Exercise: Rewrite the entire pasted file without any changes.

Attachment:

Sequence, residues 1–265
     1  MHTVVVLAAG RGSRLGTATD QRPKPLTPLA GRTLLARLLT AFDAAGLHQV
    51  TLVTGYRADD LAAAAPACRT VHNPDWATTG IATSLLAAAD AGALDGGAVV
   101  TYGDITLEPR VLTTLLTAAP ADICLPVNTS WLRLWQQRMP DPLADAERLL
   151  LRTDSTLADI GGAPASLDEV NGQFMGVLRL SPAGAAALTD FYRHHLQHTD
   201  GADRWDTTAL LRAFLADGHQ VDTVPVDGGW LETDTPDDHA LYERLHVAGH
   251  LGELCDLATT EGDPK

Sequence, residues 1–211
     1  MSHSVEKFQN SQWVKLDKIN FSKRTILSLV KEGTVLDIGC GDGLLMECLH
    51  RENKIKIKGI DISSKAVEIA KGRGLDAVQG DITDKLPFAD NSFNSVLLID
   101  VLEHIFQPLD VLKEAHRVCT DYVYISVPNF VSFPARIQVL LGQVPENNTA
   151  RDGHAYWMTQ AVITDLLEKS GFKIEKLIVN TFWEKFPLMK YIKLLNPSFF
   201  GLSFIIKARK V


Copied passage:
Sequence, residues 1–265
     1  MHTVVVLAAG RGSRLGTATD QRPKPLTPLA GRTLLARLLT AFDAAGLHQV
    51  TLVTGYRADD LAAAAPACRT VHNPDWATTG IATSLLAAAD AGALDGGAVV
   101  TYGDITLEPR VLTTLLTAAP ADICLPVNTS WLRLWQQRMP DPLADAERLL
   151  LRTDSTLADI GGAPASLDEV NGQFMGVLRL SPAGAAALTD FYRHHLQHTD
   201  GADRWDTTAL LRAFLADGHQ VDTVPVDGGW LETDTPDDHA LYERLHVAGH
   251  LGELCDLATT EGDPK

Sequence, residues 1–211
     1  MSHSVEKFQN SQWVKLDKIN FSKRTILSLV KEGTVLDIGC GDGLLMECLH
    51  RENKIKIKGI DISSKAVEIA KGRGLDAVQG DITDKLPFAD NSFNSVLLID
   101  VLEHIFQPLD VLKEAHRVCT DYVYISVPNF VSFPARIQVL LGQVPENNTA
   151  RDGHAYWMTQ AVITDLLEKS GFKIEKLIVN TFWEKFPLMK YIKLLNPSFF
   201  GLSFIIKARK V